Learn to recognize your body's signals.
During exercise you use your muscles much more than they are used to. It can happen that you have muscle pain afterwards. Muscle pain during exercise arises because the load on the body during exercise increases, causing minute hairline cracks in your muscle fibers and tendons. This is normal and can't hurt at all!
A good one warm up en enough rest afterwards are very important to repair your damaged muscles and therefore prevent muscle complaints during sports!
If you increase the load on your body without giving your damaged fibers enough time to recover, you will break even more fibers during the next workout, further weakening the affected muscle or tendon.
At a certain point, so many fibers are damaged that muscle stiffness and fatigue turn into long-lasting pain symptoms, which can lead to an inflammatory reaction.
Read and apply the tips below in your weekly planning and try to prevent muscle and tendon infections.
3 Simple Tips to Avoid Inflammation!
1. Tax / Taxability
The load capacity is the maximum force that your body can handle, while load is the effective force that your body experiences when exercising. So if the load is greater than your load capacity, there is a very good chance that injuries will occur (in the long run). It is therefore important, in function of your personal goals, to increase the load capacity (eg core stability exercises) but also to adjust the (sports) load in such a way and gradually build it up.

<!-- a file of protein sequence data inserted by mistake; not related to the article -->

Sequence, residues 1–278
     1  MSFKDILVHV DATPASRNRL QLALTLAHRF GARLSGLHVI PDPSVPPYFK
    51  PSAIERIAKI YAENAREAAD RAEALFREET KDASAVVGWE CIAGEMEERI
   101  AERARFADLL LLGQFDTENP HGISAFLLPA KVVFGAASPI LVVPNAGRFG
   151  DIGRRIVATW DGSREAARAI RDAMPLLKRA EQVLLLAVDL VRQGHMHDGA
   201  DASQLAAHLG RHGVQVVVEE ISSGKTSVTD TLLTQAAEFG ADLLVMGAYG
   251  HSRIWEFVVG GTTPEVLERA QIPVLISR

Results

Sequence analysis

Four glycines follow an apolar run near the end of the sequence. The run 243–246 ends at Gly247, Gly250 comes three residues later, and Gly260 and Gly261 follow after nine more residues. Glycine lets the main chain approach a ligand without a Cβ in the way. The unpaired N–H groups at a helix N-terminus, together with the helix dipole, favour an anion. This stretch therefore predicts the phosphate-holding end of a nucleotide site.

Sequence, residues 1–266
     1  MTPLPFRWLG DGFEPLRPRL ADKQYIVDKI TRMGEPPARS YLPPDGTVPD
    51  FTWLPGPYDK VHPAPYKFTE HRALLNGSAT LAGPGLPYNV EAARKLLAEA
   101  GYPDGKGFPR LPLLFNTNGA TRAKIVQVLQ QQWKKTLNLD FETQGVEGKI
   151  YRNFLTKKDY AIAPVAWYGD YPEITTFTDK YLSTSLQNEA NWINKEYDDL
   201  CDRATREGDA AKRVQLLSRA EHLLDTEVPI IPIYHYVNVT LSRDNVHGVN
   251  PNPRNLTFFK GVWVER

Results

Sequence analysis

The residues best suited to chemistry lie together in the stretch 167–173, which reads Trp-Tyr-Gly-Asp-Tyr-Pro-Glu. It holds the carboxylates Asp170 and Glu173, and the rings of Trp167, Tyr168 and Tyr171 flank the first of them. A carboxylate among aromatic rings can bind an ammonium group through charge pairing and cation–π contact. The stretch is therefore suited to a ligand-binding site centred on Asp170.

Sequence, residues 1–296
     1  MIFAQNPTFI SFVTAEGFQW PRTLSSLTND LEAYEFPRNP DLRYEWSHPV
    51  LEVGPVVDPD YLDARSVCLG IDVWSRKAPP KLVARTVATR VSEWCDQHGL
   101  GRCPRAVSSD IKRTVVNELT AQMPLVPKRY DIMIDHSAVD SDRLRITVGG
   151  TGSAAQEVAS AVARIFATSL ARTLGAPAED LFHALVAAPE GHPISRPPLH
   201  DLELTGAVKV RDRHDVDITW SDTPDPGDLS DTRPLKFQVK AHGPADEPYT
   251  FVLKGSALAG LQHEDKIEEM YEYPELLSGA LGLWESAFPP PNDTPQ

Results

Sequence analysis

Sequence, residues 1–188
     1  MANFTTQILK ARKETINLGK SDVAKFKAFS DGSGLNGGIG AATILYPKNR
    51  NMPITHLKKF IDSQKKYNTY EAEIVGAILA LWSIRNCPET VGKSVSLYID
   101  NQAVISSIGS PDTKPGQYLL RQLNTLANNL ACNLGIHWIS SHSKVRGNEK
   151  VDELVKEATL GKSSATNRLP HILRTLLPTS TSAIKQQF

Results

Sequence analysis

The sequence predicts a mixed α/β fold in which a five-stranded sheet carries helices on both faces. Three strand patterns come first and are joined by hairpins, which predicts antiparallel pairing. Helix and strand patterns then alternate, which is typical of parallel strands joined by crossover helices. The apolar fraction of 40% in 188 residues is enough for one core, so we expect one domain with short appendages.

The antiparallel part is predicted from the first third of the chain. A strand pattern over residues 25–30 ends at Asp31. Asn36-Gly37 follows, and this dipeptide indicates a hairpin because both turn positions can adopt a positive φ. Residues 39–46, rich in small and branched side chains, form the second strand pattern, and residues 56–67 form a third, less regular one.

2. A prepared muscle is worth two!
Muscle pain that arises after exercise can be prevented by a good warm-up and by inserting a recovery period. Be sure to take the time to read through our previous 2 blogs, here you will find useful tips on both topics!
3. Variety in your movement patterns.
Provide sufficient variety in your movements during exercise so that your muscles receive sufficient stimulation and do not "adapt" to a certain pattern. Your muscles become less flexible, which increases the risk of injury. . Moreover, with variation you do not repeatedly load the same muscles and muscle groups and your body becomes stronger, your load capacity increases!
Still got an infection, what now?
In case of acute injuries, swelling and inflammation you should always cool. Do not use heat as this can make the pain and problem worse. You apply heat after the acute phase, when the recovery phase begins.
By cooling an injury in the acute phase, you reduce blood circulation in that area. This can reduce possible inflammation and swelling, which also helps to relieve the pain.
When cooling your inflamed muscles, we recommend using a combination of a cold pack with the ice cold cooling muscle gel applying. The RÉVVI muscle gel activates a long-lasting and deeply penetrating effect around the inflamed muscle and the cold pack has a rather superficial (and analgesic) effect.
Be sure to read the full info about both products on our website and apply this tip in the first 5 days of your inflammation: "Apply thickly to the pain zone, wrap with cling film and let it soak in for a long time (approx. 12 hours) for a deep-acting and effective healing."